The Same Field: Should Women Play on Men's Professional Leagues?

by Kaki Flynn
Out in the City

Olympic Gold Medalists, Softball Player Lisa Fernandez Weigh In

The debate about women playing in men's leagues, and the equality of men and women in sports, has been kick-started again this summer, most recently with Michelle Wie missing her fifth cut out of five tries to be able to play in a PGA Tour event.  

The debate was also brought up at Wimbledon . Martina Navratilova and Billie Jean King brought up the issue of salary gaps between women and men tennis players, even though the ratings for the women's tennis has been higher for the past five years. At issue as well is the amount of time played on the court - women play three sets, men play five.

Michelle Wie was following in the footsteps of Annika Sorenstam. Neither succeeded, with Annika missing the cut by four strokes a few years ago. The boys vs. girls debate is actually nothing new in the world of women's sports. It was, after all, lesbian Babe Zaharis Dedrickson that set the stage for Annika and Michelle. It was Zaharis that first played in a PGA event 58 years ago.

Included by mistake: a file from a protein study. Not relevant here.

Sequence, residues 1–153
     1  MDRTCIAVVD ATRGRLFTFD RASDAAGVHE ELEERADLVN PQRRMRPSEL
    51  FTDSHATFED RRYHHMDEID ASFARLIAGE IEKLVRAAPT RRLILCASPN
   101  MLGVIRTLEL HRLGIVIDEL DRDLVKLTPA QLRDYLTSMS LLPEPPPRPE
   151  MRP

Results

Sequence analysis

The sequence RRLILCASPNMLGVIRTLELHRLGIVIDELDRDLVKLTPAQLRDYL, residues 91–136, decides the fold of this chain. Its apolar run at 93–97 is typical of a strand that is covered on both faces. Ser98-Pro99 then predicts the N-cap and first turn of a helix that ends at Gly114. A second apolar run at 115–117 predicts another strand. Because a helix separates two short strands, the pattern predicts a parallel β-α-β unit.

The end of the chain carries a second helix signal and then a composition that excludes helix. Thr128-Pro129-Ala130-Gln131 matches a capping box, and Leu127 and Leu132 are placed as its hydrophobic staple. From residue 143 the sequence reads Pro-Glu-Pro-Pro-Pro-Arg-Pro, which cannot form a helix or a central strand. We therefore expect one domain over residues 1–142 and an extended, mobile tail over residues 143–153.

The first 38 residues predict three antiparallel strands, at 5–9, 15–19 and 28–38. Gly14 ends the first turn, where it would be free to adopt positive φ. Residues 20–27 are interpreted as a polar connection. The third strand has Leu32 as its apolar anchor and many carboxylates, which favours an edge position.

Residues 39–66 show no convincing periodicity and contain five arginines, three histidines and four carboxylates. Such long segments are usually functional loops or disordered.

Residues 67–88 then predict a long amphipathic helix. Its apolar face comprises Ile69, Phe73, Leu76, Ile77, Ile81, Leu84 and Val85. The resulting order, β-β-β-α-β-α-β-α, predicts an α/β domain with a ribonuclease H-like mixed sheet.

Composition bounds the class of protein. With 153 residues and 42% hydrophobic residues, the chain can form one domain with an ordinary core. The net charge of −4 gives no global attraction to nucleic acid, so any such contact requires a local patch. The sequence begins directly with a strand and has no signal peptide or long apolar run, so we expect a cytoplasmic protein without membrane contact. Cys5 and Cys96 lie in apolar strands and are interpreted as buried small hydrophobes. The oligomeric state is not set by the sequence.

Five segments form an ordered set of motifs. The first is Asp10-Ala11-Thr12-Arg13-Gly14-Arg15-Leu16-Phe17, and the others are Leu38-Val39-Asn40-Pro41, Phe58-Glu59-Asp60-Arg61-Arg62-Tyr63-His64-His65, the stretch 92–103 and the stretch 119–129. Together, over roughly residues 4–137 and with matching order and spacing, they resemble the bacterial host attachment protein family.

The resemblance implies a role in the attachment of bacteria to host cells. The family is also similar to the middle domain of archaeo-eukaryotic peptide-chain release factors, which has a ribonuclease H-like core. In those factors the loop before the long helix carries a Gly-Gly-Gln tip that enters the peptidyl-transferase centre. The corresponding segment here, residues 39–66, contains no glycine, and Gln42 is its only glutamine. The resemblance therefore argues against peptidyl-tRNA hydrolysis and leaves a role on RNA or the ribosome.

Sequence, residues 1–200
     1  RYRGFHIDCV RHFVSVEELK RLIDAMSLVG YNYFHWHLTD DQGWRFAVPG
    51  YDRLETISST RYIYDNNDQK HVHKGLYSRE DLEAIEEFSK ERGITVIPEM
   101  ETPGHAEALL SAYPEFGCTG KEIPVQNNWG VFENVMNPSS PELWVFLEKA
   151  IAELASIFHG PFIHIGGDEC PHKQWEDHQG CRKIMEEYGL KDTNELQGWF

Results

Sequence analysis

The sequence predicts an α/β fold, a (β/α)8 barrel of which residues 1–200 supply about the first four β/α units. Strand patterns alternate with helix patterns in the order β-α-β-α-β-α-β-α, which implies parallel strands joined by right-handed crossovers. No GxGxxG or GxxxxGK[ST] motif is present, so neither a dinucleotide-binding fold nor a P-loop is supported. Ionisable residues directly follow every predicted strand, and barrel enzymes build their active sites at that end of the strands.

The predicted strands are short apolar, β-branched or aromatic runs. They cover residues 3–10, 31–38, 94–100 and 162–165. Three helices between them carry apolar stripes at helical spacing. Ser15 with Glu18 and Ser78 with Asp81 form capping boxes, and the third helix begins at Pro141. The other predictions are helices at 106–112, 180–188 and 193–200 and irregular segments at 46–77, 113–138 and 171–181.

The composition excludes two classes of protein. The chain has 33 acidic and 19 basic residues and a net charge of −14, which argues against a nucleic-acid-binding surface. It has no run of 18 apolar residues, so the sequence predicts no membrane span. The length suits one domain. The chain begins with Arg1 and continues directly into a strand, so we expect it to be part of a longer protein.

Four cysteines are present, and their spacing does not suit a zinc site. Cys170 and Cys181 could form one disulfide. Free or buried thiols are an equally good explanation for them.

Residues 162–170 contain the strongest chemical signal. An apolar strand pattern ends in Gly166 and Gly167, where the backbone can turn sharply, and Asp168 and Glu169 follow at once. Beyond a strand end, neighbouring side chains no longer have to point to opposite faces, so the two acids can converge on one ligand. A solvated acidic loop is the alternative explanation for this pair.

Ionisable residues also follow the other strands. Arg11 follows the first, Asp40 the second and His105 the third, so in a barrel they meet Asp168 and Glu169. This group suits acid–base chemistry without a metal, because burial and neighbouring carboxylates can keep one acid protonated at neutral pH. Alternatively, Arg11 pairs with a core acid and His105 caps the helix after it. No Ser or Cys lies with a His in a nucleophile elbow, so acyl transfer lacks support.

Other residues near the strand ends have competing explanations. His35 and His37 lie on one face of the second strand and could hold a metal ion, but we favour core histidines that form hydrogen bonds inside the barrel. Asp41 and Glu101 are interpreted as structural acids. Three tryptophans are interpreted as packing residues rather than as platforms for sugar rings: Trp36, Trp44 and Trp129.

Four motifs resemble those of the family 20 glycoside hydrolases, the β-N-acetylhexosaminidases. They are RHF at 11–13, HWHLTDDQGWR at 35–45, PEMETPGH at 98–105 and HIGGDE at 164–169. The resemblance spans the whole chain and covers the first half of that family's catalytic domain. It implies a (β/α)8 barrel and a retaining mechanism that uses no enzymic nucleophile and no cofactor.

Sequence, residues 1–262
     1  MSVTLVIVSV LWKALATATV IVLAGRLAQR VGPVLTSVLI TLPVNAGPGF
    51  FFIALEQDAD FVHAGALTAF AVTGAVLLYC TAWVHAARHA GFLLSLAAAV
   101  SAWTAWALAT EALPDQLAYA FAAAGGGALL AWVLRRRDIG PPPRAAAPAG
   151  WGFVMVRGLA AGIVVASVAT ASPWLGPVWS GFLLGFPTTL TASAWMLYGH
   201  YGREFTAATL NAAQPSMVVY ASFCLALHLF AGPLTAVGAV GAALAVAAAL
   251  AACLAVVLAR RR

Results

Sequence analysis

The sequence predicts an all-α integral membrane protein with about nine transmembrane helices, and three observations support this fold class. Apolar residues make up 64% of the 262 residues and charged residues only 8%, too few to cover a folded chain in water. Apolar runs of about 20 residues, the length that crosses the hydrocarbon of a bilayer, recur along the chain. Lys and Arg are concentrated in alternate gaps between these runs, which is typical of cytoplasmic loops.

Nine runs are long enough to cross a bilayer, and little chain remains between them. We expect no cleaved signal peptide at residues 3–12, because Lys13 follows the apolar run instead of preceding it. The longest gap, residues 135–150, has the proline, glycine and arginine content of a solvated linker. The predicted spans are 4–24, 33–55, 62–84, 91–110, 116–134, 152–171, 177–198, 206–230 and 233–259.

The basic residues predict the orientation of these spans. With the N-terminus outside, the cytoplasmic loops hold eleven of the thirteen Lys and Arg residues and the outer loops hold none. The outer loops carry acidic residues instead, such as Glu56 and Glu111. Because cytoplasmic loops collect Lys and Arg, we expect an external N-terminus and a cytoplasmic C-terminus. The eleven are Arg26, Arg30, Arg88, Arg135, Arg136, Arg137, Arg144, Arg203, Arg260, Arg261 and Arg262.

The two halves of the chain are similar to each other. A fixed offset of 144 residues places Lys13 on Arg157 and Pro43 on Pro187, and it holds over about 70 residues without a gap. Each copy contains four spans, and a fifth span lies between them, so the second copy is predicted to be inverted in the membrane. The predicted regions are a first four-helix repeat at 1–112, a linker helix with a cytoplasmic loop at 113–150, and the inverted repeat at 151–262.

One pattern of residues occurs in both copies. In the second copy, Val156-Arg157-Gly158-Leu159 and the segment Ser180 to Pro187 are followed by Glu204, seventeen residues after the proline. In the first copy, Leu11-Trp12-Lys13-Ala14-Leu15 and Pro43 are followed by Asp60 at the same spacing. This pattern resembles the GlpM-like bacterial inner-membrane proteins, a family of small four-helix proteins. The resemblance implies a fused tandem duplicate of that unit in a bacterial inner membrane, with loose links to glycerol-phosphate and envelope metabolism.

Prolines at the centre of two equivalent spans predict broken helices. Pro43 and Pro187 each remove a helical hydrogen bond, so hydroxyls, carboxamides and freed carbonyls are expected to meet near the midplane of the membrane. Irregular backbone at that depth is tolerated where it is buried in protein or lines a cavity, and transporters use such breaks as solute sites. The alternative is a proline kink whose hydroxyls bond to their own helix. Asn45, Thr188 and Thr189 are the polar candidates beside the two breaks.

What’s the deal? Is it good or bad that women are trying to play on the men’s tours, or compete with men head to head? Is there really a huge difference between men and women athletically, to the degree that women can't catch up? Before, women had no choice – there were no women’s professional teams to play on lucratively until very recently, and even with the few leagues that exist, only the top twenty to fifty players in a league are making enough money at the end of the tour to have anything left over more than pocket change.

There is a women’s professional football league, even a team here in Jacksonville, but of all the players you see at the gay bars, none are pulling up in Cadillac Escalades or hosting after parties at their huge houses in Ponte Vedra. You don't see any trying out for the Jaguars, either.